If you’re a designer, you’re likely familiar with, what can be, an uphill struggle to communicate to non-designers the effectiveness of the designs you produce. More importantly, it can be a real struggle to get these non-designers, these stakeholders, to trust your expertise on something that is subjective. I myself have experienced this in every job I’ve had, and it often involved one, if not all of the following: lots of time wasted, feelings hurt, projects condemned to the depths of Nowheresville, dissatisfaction with my career, a lack of trust for the design departments, and a deep seated mistrust on the part of designers for stakeholders.
In so many meetings, I’ve watched these horrors all unfold, but I didn’t know what to do in those moments. I understood that we, the designers, were seen as arrogant know-it-alls, and that the stakeholders involved seemed often blindly unaware of the importance of what we were trying to convey to them. Why was communication so hard? Where was the disconnect? Why didn’t anyone trust each other?
I vowed that when I started my business, this would be my number one highest priority: my unique selling point. I would be a designer, who above all else, excelled in communication with her clients. I started looking online for anything that would help me figure out why the designer / client relationship could be so tense, and what I could do to avoid it. Enter, Articulating Design Decisions by Tom Greever.
In his book, Articulating Design Decisions, Tom delves into exactly this area: how to communicate design decisions to stakeholders in order to create understanding, trust, great design, and create a successful product. He says that early in his career he realized, “I had to take into consideration the needs of my audience. My designs had to do something for the client. They had to solve a problem. And if I couldn’t communicate that, I was bound to be wrong again. For me to be successful as a designer, I had to figure out how to communicate to my clients what my designs did. I had to answer their questions in a way that made sense to them, not me. I had to express to them the rationale behind a design using words that would appeal to them and meet their needs. If I could do that, I thought, I would be successful.”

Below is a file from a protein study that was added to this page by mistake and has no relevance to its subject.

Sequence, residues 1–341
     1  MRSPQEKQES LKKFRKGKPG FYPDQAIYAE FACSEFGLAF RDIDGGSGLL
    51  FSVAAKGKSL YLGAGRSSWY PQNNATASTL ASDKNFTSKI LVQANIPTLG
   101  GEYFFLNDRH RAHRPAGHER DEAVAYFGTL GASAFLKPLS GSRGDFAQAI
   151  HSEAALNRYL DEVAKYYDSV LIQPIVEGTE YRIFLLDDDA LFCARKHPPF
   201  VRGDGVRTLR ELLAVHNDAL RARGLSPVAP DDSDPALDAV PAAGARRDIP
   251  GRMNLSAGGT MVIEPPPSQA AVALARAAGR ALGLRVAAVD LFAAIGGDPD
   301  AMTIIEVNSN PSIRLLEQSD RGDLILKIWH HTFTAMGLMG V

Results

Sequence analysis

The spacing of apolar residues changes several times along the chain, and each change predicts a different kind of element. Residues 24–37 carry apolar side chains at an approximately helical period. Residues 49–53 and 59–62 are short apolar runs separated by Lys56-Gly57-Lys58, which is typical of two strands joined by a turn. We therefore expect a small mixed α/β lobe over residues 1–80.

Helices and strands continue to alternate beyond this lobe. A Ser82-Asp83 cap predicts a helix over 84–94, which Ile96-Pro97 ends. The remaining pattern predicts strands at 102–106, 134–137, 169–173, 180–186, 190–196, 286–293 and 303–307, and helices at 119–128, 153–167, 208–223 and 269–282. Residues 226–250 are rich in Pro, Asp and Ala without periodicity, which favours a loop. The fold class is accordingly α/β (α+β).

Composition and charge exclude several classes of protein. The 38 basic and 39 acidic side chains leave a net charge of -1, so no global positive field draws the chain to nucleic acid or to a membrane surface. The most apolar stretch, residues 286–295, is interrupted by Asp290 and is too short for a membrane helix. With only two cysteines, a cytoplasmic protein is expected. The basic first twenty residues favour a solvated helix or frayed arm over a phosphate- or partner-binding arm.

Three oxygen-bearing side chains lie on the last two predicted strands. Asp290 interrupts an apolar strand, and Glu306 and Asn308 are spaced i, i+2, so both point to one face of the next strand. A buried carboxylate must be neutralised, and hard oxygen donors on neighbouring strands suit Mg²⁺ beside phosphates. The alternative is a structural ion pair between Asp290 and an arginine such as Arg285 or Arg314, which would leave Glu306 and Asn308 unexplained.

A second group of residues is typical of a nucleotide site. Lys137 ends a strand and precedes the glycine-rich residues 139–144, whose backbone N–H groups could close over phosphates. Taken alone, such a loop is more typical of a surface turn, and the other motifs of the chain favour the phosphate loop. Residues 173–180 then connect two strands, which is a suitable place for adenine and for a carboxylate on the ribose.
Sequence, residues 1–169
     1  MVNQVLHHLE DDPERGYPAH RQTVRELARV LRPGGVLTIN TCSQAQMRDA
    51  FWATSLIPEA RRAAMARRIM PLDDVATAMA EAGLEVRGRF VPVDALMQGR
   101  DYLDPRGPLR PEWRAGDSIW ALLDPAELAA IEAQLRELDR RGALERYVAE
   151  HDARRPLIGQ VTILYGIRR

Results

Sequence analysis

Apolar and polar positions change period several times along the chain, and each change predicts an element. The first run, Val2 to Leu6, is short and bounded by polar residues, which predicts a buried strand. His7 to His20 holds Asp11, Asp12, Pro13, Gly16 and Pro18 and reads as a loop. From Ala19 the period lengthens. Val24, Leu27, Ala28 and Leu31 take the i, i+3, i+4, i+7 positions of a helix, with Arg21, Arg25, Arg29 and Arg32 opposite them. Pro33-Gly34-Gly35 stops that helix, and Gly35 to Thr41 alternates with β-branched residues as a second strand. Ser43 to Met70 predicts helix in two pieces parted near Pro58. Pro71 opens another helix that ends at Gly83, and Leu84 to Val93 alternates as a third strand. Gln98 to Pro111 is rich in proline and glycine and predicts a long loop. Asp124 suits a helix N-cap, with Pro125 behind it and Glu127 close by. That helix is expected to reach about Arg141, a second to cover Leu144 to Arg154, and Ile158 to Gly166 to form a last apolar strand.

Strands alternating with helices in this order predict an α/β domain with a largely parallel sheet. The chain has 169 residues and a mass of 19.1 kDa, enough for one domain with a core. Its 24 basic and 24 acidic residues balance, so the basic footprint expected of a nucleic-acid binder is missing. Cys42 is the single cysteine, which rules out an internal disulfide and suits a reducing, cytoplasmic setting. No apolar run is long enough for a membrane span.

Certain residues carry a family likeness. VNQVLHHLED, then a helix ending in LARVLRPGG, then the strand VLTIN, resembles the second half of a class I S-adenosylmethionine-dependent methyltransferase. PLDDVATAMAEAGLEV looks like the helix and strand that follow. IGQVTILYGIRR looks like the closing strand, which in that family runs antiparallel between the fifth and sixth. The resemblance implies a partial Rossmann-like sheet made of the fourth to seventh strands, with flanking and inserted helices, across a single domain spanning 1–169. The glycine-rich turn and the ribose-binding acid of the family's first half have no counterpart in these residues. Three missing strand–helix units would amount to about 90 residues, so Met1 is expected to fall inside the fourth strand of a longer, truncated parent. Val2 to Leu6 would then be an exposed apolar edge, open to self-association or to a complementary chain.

I can’t say enough good things about Tom’s book. I value it much more than the small acknowledgment I give it here, and I recommend it to every designer, despite it being primarily about User Experience or User Interface Design. What I love, most of all, is that while he recognizes the misunderstandings by stakeholders, he also recognizes that it’s often because of something we, the designers, have not communicated well. As someone who really values compromise, and seeing two sides of an argument, I couldn’t have appreciated his approach more.
There are so many pearls (treasure troves!) of wisdom in his book, and even a chapter for stakeholders looking to be more design-integrated in their own businesses. So much of the book is actionable, and his real world examples are great to read. Besides, I found the book to be very readable, and quite funny occasionally. I would go so far as to say it should be required reading for design students. If you don’t have the time right now, check out this video: sort of the Spark Notes of the book. Let’s set aside our frustration (and egos), and see if we can’t delve inward a little bit in order to further our great designs.
What I’d like to leave you with are some quick bullet points for Tom’s IDEAL Response approach that might help with your own communication style. These are my notes, with a based-in-reality example I’ve experienced. Honestly, I believe this style of communication would help in multiple professions.
Send me a comment if you’ve read the book as well, and what take-aways you’ve found to be helpful.